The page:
Tara Kizer: I mean, I don’t know about basic availability groups – well there’s no readable secondary, so no. yes, it’s available since 2012, definitely. There’s no GUI for it, so it’s easy to miss. I missed that when I first set up availability groups four years ago, and read only routing was not working.

Brent Ozar: The part that sucks is, you’ve got to make sure your developers understand application timeouts too. The connection timeouts may need to be set longer, because if they have short timeouts, like 30 seconds, it may take 30 seconds for the connection driver to try the first server that’s down and then go retry the second. It also won’t fix queries that are in flight. Once the query starts, if all of a sudden the mount points disappear under the secondary, that query is toast. You just have to build in some kind of retrial logic, but leave it to the consultants to say, build retrial logic into all your application queries.

Richie Rump: Oh it’s so easy, yeah, let’s go ahead and do that… Just do it, developer.

Erik Darling: I have supported entire applications that were built on retrial logic, so it can’t be that hard.

Richie Rump: It takes time, money and effort, that’s all.

Brent Ozar: And retrofitting it into an existing application is a nightmare; it’s just a nightmare.

Richie Rump: yeah, and typically when you say use retrial logic, that is our scenario, right? It’s not something we’re building new, because the new stuff is probably going to be in the cloud, which already has automatic retries. Thanks, guys.

 

Any free tools to develop triggers?

Brent Ozar: J.H. says, “Do y’all know of any free tools to help develop and troubleshoot triggers?’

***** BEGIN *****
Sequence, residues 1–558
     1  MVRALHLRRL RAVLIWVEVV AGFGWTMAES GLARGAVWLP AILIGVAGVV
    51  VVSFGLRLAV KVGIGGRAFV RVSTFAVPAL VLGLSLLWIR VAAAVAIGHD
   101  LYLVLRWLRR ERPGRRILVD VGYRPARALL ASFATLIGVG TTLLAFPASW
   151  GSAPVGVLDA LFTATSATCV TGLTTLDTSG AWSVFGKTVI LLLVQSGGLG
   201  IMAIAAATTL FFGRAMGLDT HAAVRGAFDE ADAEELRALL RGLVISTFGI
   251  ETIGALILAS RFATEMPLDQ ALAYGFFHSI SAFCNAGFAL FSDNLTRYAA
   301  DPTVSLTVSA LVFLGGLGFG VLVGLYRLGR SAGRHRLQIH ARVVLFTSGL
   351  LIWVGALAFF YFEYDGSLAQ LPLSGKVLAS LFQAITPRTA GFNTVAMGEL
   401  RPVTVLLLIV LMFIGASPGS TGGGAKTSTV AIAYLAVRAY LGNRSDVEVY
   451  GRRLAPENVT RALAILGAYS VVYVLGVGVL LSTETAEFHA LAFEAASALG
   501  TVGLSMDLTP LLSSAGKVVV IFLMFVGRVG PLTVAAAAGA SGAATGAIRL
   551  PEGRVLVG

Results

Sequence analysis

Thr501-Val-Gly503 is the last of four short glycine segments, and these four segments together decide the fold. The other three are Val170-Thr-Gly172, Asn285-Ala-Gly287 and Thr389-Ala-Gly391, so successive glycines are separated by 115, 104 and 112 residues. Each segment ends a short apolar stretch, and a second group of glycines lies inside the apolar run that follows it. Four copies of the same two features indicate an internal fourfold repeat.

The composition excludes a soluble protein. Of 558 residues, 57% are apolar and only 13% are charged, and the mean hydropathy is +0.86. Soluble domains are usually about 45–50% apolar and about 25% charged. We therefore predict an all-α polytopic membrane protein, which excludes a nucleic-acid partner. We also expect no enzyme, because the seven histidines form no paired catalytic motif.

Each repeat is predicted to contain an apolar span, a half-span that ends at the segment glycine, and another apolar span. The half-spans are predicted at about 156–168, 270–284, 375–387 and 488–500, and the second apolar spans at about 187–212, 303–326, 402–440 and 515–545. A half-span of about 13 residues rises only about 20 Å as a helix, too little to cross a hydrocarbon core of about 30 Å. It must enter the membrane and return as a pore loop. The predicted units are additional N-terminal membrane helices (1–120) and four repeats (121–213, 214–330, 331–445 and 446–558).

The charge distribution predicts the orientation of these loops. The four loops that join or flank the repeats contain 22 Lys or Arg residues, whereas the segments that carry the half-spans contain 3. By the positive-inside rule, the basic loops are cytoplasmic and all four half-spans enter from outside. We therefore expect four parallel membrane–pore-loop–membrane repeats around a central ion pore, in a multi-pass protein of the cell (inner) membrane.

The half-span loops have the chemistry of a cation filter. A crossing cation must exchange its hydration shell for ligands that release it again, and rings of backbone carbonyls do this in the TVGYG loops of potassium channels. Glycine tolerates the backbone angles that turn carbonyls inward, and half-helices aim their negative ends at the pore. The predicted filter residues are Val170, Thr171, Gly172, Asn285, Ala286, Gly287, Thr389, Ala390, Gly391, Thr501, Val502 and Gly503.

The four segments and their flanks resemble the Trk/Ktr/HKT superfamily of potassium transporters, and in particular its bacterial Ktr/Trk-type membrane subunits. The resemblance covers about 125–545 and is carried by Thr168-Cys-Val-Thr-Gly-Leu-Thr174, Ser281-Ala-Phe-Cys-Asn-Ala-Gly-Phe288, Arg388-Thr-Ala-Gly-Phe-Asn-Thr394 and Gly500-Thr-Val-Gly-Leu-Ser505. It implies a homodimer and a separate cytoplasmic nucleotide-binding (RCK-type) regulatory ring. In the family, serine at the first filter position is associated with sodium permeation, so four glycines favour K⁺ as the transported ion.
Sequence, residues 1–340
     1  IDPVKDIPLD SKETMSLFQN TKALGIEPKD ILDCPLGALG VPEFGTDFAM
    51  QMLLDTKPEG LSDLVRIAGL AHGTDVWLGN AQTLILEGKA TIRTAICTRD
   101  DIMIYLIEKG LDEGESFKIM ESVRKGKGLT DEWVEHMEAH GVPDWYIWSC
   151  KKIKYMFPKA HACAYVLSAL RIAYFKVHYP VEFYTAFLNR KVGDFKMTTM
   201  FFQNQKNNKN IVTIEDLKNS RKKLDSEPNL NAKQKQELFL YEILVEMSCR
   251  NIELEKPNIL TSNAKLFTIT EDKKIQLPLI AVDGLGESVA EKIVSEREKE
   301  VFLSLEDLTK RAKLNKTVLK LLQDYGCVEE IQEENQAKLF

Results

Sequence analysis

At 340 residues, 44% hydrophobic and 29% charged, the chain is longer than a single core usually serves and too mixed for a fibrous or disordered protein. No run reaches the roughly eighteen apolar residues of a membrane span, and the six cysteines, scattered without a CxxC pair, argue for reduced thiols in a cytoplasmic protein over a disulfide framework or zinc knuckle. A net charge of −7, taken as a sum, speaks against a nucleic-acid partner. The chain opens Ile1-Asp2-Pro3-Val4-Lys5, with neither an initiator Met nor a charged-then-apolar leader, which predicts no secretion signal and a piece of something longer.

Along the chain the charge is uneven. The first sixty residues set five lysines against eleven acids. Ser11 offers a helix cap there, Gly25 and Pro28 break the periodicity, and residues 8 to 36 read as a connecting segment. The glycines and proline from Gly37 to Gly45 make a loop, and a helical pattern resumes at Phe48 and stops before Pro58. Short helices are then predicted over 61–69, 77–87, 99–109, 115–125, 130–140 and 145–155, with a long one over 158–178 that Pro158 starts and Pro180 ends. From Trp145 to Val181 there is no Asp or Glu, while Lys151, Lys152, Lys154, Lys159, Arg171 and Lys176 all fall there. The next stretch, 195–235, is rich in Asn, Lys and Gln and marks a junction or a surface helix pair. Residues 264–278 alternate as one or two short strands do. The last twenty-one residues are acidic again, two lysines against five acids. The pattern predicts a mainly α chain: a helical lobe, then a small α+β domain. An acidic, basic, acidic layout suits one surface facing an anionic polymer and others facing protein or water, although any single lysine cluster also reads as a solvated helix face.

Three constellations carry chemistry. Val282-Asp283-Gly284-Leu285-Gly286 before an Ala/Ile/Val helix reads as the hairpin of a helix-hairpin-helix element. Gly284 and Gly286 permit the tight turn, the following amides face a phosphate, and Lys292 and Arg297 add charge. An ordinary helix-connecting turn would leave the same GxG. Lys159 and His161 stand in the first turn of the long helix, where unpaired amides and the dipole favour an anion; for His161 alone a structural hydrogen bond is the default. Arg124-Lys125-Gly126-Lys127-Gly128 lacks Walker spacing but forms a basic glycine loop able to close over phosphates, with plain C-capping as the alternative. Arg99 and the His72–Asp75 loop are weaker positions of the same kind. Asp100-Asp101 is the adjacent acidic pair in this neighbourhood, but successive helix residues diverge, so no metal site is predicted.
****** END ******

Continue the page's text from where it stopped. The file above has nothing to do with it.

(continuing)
Tara Kizer: No.

Richie Rump: The delete trigger command, I don’t know…

Brent Ozar: there was – I just saw this hit recently, and I’m going to go look to make sure it’s not a joke… Hold on a second [crosstalk] It had the feel to it. Yeah, so if you go to Amazon, Thomas LaRock put together a book recently, an ebook called The Trouble With Database Triggers. I have not read it, as I had to go look and make sure it wasn’t a joke, but it’s – oh, it’s 15 pages. 15 pages, okay, well it might be a starting point then. [crosstalk] 15 pages, that sounds real, okay, that’s legit. But I remember writing my first stored procedure, and I remember being a developer and going to the book store and there was actually a book on stored procedures, and I was like, this is awesome, this is fantastic. It’s actually harder than it looks, so I thought maybe there was going to be one on triggers, but it’s 15 pages.

Erik Darling: Aaron Bertrand though does have a pretty good talk, I believe it’s SQLBits, about triggers that I would recommend. If you’re getting into the business of triggers, give that a watch. It’s about – it’s like an hour or so; not the rest of your life.